“Come with me to spin class,” my wife said.

I glanced up from my beer. “Are you crazy?”

To be honest, I wasn’t sure what she was talking about. Spin class? I envisioned myself standing on a Frisbee-like disc and twisting back and forth to some silly dance music while muscleheads across the gym pointed and laughed at me. I had just turned 40 and was so stubborn and dense that I didn’t realize a spin class involved bicycles.

The thought of riding a bike had me flashing back to my childhood home in Long Island, New York. I could see it clearly: my old Schwinn Stingray with its banana seat and Tom Seaver baseball card held by a clothespin onto the chainstay so it could flap through the spokes. Those were the glory days of jumping wooden ramps supported by cinder blocks, the days without helmets when we used leaves as Band-Aids if we hit the deck.

Spin class? Maybe I can do that. I slipped into the cycle room and sat with my wife in the back row of over 30 stationary bikes arranged in two semicircles behind a raised platform from where the instructor’s bike faced the group. Behind this stage, an exotic desert mural spread across the walls and depicted a lone highway wandering toward distant mountains. As the class began, the lights went out, and black lights were switched on. The entire desert mural glowed in the dark, and the cacti and road stripes seemed alien and dreamlike.

Wow, this was cool, and even better, we were riding in the dark so no one could see me! However, that didn’t change the fact that it’d been years since I’d done any exercise beyond mowing the grass. I might die in that glowing desert.

Lisa, our instructor, was about our age, and I was thrilled that her song list included hits from Bon Jovi, Aerosmith, Journey, and AC/DC. The music made me begin to forget about the pain, and even though my butt went numb during that first class, I thought, I can do this, and maybe I can lose a few pounds.

In the weeks that followed, I told Lisa how much I liked the class and the music, and she began asking me for song suggestions. During that first year I made dozens of song lists for her, and she began showing me how she adopted the music into a “class profile” with mountains, flat roads, sprints and jumping songs. By the end of the year, I had dropped 20 pounds and Lisa was urging me to become a cycle instructor myself. I received my cycle certification in November 2004. I went from poking fun at gym rats to becoming one myself.

I’ve worked with thousands of riders of every fitness level, from desk-saddled executives to state champion bike racers.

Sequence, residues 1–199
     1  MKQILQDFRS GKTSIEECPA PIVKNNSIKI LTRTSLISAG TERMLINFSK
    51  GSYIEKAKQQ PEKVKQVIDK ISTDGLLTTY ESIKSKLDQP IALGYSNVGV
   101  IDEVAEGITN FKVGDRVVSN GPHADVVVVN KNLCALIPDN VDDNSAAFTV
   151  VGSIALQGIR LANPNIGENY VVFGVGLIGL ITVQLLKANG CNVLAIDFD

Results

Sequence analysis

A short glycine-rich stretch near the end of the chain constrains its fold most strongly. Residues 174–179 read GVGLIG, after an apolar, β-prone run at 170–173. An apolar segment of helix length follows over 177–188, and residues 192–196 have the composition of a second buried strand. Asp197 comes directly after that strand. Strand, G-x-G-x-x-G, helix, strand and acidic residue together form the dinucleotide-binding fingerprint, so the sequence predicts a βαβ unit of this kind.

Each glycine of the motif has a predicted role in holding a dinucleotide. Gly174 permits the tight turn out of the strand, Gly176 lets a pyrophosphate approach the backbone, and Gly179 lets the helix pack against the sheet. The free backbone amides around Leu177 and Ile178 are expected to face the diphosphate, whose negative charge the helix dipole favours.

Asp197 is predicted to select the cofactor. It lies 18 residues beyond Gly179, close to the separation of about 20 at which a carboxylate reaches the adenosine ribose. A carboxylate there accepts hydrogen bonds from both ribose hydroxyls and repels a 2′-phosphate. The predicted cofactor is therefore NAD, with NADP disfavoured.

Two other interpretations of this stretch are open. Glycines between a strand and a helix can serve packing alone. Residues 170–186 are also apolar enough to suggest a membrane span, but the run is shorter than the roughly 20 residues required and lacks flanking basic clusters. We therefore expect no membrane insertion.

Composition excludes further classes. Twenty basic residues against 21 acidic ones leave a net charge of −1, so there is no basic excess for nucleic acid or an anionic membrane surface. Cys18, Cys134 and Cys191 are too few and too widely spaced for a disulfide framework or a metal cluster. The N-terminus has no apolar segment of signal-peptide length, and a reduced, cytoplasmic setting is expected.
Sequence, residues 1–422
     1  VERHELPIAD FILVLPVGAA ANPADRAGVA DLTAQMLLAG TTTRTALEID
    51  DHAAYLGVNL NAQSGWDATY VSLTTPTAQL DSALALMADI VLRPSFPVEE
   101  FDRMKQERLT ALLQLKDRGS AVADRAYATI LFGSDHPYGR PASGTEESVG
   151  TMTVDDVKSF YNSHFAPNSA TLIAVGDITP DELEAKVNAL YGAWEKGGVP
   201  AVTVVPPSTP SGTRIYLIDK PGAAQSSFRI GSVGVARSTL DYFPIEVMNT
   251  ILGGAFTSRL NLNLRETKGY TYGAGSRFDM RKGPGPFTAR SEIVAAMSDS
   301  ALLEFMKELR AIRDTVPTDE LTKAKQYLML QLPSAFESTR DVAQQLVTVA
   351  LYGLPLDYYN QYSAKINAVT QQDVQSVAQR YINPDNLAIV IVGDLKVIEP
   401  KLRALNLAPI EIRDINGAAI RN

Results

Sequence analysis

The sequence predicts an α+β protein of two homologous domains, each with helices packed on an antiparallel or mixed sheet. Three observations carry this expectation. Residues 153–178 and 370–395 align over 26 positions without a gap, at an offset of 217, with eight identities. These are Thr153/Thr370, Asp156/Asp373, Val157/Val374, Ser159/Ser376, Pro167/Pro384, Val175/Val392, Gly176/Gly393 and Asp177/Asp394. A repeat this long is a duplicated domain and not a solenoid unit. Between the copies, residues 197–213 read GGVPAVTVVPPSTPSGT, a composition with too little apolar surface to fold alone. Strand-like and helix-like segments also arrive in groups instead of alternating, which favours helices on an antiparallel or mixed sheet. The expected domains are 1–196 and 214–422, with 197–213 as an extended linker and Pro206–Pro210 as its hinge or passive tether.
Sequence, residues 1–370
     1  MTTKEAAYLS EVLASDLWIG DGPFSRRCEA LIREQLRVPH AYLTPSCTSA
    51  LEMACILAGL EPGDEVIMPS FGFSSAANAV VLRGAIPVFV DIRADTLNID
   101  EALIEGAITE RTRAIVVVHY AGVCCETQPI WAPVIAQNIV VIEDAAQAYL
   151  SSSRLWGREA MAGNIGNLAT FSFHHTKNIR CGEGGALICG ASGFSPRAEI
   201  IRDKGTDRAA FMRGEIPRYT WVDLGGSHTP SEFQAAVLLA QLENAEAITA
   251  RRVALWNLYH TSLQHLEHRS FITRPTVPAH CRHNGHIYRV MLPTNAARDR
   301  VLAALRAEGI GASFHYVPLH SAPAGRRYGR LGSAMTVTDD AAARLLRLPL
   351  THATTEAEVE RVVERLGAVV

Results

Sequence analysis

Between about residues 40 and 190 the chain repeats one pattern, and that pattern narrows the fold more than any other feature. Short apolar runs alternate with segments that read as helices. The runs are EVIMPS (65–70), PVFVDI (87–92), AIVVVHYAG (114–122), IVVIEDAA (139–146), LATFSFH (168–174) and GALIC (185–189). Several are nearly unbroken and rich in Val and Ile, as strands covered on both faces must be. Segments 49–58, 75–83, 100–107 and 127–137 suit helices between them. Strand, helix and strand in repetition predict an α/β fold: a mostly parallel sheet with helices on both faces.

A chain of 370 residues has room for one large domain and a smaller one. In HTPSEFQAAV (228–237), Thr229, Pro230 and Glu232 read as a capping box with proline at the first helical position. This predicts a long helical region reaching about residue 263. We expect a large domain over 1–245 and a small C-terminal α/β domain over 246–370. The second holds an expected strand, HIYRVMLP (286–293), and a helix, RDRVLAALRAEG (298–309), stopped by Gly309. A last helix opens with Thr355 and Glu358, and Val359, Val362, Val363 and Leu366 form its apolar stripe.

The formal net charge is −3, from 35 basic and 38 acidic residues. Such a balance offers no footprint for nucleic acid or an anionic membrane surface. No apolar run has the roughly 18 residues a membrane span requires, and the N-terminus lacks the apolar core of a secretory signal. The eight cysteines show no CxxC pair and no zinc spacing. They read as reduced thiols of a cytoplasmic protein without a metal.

I’ve been a cycle instructor for over 15 years now. I’ve worked with thousands of riders of every fitness level, from desk-saddled executives to state champion bike racers. I’ve worked with kids as young as 12 or 13 to riders in their 70s.

Being here in Florida, I’ve worked with people from all over the world—and yet the simulated mountains we’re about to climb do not discriminate. They loom before us, challenging us to get out of our comfort zones and return home to our birthplace. I tell my riders that yes, they were born in the mountains and have climbing in their DNA. The mountains are not in the way—they ARE the way. And as a team, we climb them together. No one gets left behind.

To paraphrase President John F. Kennedy, we climb the mountains not because they are easy…but because they are hard, and it’s the journey that improves our bodies, our minds, and our souls.

A mountain of research (hello, you lovely pun) suggests that working out with a group inspires you to go harder, feel more accountable, and reap greater rewards. As you climb the mountain, you make a promise that you will not let down your teammates. What’s more, I remind my riders that we’re not just here for ourselves, but also for our friends and family. They need us, and we push harder for them. We can do more. We can be more. We can reach the summit. Together.

If you want to get back into shape but find yourself staring up at that impossible mountain, don’t go it alone. We are stronger together. And even if cycling is not your thing, get out there, find a partner or a team, take a group fitness class, and begin your ascent toward feeling better. The view from up here is spectacular.

Peter Telep is a senior instructor in UCF’s Department of English. He can be reached at Peter.Telep@ucf.edu.

The UCF Forum is a weekly series of opinion columns from faculty, staff and students who serve on a panel for a year. A new column is posted each Wednesday on UCF Today and then broadcast on WUCF-FM (89.9) between 7:50 and 8 a.m. Sunday. Opinions expressed are those of the columnists, and are not necessarily shared by the University of Central Florida.